Can you lead by other people’s values?

I am really looking forward to reading Joel Manby’s book, “Love Works”, as I think it will give some interesting insight into his leadership style and practices.  Plus, how often do leaders in the amusement industry write books like this.  Double whammy!

My bigger question, though, is how many people will try to apply all of the values that Joel discusses?

Here’s why I am asking… this is not the first, nor will it be the last, leadership book centered around a successful leaders’ tactics. In and of itself, I don’t think it’s a bad thing.  Like I said I am looking forward to reading it to see what makes Joel tick.  Where I believe there is a misstep is someone other than Joel trying to apply these values exactly as Joel does.

One of the principles that Joel discusses is using love in the workplace.  Not love the emotion, but love the verb.  Either way, I am sure there are people out there who:

  • Think this is a crazy notion and want no part of it
  • Think this is a crazy notion, but might just want to try it
  • Think it’s a good thought but have no idea how to actually do it
  • Already do this and see Joel’s perspective simply as reinforcement

Like Jan and Peter Brady, it’s the two in the middle I think we need to look out for. This is because they have the potential to adapt a value system that they really don’t believe in.  If it worked for Joel, it can work for everyone, right?  Not so much.

Values are funny things. They are developed over a lifetime and are not something we usually change on a whim. I’ve seen it over and over again where a very well intentioned leader will read a book and decide that they are going to adapt everything in that book to their business.  This ends up as a “flavor of the month” initiative that eventually fades away, just like the last one.

Think about how your personal values were formed.  Over many years, you have seen situations where you either say, “that’s good, we should keep doing that,” or ” that’s bad, we should stop.”  This eventually carved out what you feel is right and wrong, and where the gray area is.  Since everyone has experienced a different set of circumstances, each person has a slightly different value system.  And that’s okay.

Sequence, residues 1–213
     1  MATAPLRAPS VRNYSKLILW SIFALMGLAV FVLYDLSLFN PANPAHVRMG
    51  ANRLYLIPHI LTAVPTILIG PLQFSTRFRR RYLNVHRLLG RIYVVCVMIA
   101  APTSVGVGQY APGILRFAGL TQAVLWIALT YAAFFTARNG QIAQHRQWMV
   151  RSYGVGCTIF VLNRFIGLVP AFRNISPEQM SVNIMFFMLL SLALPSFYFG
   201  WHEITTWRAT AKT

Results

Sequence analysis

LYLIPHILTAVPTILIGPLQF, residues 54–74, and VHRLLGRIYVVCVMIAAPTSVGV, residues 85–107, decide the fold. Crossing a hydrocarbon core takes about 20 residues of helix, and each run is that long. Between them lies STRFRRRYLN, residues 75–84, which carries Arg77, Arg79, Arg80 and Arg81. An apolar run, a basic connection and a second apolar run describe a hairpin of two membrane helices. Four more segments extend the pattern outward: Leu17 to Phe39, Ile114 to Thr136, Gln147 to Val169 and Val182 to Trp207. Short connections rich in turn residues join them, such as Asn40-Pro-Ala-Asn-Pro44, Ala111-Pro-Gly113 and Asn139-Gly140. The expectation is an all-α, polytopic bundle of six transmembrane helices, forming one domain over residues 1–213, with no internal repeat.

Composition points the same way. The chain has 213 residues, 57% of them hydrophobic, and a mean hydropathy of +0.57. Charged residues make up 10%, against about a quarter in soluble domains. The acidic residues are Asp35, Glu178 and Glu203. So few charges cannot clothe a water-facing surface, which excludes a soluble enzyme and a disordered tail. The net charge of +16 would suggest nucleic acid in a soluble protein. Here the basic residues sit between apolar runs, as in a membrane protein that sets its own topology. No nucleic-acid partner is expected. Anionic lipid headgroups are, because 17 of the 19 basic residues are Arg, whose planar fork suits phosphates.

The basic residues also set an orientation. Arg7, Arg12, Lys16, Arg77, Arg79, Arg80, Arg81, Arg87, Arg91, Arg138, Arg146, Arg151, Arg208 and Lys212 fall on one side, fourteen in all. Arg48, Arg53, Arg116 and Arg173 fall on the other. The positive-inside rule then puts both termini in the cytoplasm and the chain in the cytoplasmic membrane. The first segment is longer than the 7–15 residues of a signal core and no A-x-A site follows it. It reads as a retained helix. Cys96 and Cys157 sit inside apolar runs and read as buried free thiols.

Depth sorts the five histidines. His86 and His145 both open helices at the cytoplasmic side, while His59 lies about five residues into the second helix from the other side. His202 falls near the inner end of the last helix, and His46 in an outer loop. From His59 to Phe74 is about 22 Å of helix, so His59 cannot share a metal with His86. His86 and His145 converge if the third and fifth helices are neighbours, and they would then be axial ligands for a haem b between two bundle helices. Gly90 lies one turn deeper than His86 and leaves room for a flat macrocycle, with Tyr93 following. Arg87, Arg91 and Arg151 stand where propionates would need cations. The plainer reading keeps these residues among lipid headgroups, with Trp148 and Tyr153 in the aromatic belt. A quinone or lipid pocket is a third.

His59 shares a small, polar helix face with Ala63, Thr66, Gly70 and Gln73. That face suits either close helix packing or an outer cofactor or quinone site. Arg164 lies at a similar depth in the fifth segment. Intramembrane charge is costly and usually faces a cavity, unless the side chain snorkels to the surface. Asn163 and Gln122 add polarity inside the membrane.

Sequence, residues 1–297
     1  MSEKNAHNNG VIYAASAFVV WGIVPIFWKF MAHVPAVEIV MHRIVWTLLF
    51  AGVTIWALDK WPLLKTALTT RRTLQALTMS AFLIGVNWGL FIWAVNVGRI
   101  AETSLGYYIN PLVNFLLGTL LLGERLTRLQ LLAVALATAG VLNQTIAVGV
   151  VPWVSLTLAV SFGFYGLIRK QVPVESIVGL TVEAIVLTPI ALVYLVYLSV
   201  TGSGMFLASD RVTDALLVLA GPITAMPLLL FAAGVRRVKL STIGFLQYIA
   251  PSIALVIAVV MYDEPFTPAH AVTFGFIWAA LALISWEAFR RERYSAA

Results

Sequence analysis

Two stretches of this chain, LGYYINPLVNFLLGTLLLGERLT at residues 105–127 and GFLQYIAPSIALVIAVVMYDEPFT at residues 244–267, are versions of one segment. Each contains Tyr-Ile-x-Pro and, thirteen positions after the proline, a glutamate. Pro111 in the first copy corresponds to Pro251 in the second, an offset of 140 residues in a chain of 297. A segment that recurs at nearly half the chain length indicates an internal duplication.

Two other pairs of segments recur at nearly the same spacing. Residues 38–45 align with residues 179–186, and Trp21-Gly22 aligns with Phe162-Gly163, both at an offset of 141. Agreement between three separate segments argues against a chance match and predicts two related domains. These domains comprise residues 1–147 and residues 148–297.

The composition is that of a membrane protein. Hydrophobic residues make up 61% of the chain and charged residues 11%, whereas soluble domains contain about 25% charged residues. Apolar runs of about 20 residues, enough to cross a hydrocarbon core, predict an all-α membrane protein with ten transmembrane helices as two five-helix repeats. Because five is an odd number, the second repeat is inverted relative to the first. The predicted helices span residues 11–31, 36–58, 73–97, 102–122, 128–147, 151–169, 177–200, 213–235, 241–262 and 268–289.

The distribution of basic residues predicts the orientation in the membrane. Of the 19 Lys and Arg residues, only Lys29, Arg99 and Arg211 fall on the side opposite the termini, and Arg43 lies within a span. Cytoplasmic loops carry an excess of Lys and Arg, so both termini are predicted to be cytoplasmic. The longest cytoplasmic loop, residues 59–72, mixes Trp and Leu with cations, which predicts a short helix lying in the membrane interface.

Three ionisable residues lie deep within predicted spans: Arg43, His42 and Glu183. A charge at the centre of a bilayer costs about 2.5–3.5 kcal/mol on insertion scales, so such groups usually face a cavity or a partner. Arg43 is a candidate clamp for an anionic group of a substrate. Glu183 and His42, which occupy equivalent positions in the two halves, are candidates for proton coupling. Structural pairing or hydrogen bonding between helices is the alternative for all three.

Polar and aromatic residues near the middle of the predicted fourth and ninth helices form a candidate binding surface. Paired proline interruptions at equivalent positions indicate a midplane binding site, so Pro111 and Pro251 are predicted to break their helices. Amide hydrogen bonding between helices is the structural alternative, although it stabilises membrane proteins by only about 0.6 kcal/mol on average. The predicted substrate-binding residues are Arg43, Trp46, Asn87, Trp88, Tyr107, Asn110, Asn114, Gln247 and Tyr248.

Please don’t mistake my message as, “don’t read books (or blogs) and try to learn from them.”  To the contrary, I encourage you to learn as much as you can about others to see how they apply their values.  Then use the application, rather than the actual value, as your inspiration to move forward.

What are your values?  Are they different than the values of your company?

Thanks for reading!

About the author: Matt Heller values the value of valuable values. Or something like that.

2 thoughts on “Can you lead by other people’s values?

  1. Love what you have said and how you have said it. My values once identified become the foundations for every decision and response I make in life. This consequently leads me closer to achieving all I want to be, how I am known and ultimately how content I am with my life. The great leaders I have been privileged to know how all have strong foundations based on uncompromising values that they stay true to.

    • Thanks, Shaun! You make a great point about your values really shaping everything you are and what you want to be. That’s why I don’t think people can adopt the values of someone else… they would no longer be true to who they really are.

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